Upon learning of my intention to come to Cape Town for an internship in sustainability from my home in San Francisco, many of my friends and family were congratulatory and jealous, but quite concerned for my safety as well. “You’re heading to the most dangerous country in the world!” I was warned by more than a few people.
From second-hand reports and stories of people being robbed, shot at, killed, and taken advantage of, I understandably had a vigilant attitude upon my arrival. Upon my first inclusion in a round of “Make the Circle Bigga!” in middle of Long Street, all of these negative perceptions began to erode. While talking with a man and his (?) children at a braai in Nyanga, about Apartheid, forgiveness, and the hopeful future of South Africa, they eroded even further. (more…)
For the next installation in Alternative Energy Made Easy (has a nice ring to it – he he), I’ve decided to write about Solar Water Heating as it is very relevant in South Africa today and Eskom offers rebates on it too, which is great!
So, in a nutshell, Solar Water Heating is water heated by means of thermal energy. This is incredibly cost effective in sunny South Africa, especially when we all know how expensive geysers can be!
Solar thermal energy differs from solar electrical energy as there are no photovoltaic or PV cells (solar panels) to convert energy into electricity. Instead, thermal energy makes use of a solar collector to capture and store heat .
Audi A3 have caused a major controversy in the USA thanks to their recent “Green Police” ad that they premiered during the always anticipated Superbowl half time commercial break. Some think the ad is hilarious, some think it is completely offensive and others think it’s a really useful advertisement that succeeds in getting people to think twice when making everyday decisions that could affect the environment. Check out the Audi A3 ad below:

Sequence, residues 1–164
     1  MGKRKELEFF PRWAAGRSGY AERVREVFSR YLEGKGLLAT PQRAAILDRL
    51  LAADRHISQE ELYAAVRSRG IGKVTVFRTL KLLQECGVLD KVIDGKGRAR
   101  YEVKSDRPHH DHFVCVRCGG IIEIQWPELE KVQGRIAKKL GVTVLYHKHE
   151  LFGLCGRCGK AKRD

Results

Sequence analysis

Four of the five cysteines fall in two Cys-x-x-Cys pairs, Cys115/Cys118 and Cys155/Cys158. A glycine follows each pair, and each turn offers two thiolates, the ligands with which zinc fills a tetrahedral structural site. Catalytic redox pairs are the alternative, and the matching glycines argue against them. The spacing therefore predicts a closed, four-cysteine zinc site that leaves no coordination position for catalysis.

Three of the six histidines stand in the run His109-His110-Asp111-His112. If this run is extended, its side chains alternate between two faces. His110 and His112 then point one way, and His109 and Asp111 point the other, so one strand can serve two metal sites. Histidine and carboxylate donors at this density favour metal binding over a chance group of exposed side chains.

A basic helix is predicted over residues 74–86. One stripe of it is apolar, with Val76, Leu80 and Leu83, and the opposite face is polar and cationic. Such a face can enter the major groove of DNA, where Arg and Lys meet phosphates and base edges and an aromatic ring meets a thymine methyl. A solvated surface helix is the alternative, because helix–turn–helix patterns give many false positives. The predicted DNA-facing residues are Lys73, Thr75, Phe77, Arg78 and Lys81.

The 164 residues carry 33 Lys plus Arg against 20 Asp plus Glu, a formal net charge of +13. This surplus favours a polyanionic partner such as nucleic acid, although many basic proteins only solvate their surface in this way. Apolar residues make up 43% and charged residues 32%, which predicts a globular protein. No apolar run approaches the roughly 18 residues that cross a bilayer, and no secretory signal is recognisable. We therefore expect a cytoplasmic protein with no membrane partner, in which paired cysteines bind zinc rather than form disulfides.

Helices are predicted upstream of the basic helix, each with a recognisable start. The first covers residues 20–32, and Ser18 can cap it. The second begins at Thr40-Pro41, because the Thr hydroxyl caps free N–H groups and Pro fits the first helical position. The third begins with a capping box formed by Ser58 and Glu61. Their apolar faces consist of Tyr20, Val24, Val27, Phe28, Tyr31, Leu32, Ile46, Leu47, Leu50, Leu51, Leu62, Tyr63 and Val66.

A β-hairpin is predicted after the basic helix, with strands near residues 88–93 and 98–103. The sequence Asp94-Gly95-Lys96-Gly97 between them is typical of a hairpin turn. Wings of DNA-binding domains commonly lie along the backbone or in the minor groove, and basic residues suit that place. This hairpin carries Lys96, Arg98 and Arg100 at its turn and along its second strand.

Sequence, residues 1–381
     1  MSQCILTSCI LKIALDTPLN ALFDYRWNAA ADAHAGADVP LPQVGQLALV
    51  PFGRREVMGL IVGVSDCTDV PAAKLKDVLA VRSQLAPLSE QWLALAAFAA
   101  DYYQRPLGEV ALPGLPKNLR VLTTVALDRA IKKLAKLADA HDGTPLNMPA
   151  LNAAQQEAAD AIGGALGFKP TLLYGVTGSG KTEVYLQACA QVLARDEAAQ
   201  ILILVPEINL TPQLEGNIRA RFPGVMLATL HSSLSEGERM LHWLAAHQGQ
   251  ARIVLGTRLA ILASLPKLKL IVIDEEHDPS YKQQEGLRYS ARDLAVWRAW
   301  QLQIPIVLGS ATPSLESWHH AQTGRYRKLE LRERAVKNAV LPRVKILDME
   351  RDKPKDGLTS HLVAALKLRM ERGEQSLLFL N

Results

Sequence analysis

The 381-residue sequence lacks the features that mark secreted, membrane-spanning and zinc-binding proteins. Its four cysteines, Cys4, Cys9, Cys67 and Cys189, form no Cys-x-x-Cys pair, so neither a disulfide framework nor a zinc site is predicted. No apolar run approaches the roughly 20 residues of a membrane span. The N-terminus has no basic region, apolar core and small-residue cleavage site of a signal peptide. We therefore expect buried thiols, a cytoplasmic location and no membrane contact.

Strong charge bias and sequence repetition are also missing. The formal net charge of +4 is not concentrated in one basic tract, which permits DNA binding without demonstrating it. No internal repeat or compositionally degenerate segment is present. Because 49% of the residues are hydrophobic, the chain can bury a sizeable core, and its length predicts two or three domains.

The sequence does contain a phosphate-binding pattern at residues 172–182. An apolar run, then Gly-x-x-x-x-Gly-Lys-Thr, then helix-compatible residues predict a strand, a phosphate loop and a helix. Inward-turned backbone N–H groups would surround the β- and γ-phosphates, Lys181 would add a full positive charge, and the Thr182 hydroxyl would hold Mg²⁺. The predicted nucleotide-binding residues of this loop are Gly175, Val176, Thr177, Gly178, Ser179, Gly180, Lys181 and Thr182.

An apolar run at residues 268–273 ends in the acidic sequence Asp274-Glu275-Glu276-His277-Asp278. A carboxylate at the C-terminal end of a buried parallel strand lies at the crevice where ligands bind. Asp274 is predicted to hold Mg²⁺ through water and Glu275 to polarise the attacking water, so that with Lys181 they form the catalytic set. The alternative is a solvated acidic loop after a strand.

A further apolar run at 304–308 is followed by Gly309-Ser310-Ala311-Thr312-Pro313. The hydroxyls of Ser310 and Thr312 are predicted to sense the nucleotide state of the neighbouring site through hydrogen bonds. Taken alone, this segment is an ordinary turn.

In case you are unable to view the ad, it shows ordinary American citizens being arrested by “green police” for numerous “green offences” such as using plastic shopping bags instead of paper bags, incorrectly disposing of batteries, not making use of orange peels for compost, using the incorrect non- LED lighting and finally arresting a Jacuzzi bather for setting his hot tub thermostat too high. At the end of the ad we see the green police stopping numerous cars for not being eco-friendly, until they see an Audi A3 2.0 clean diesel vehicle which they allow to speed off as it meets their strict requirements.
Personally, I think this new Audi A3 campaign is a remarkable success. It is amusing with its tongue-in-cheek portrayal of the “green police” who patrol the streets in their green shorts and hybrid scooter-like vehicles arresting people who break even the smallest of environmentally friendly laws. The advertisement highlights everyday situations and decisions that ordinary people face that could make an impact on our environment – be it what type of bag to use at the supermarket, or whether or not to buy an eco-friendly Audi A3 T clean Diesel vehicle.
On the other hand, many environmentalists in the States are claiming that the advert pokes fun at the mentality of people who do their part in looking after the planet. “Green police” do actually exist in the states and in other countries such as the UK, although not on the scale shown in the advertisement, and many claim that this Audi A3 ad is only discrediting any authority these people might have when it comes to enforcing environmental issues.
The American government is currently putting massive pressure on its public to be more environmentally friendly, much to the annoyance of many people, and this is just another reason why people think this ad is offensive. Is Audi A3 taking a cheap shot at the government and their environmental ambassadors?
How do you feel about the new Audi A3 ad? I think we all need to be able to laugh at ourselves, laugh at the situations we find ourselves in and simply laugh at what I think is an extremely humorous ad with a powerful message. I would love to hear your opinion in the comments box.
In an era obsessed with consumerism, where some governments show little to no concern about the state of the earth, and most of the population have blinkers on as to what is becoming more and more evident around them, it is heartwarming to be part of a movement that (hopefully) will become more prominent in time.
Being ‘green’ is not a statement, a fad or a ‘stage’ that will eventually pass; it’s a conscious decision to be a part of the solution to an escalating problem.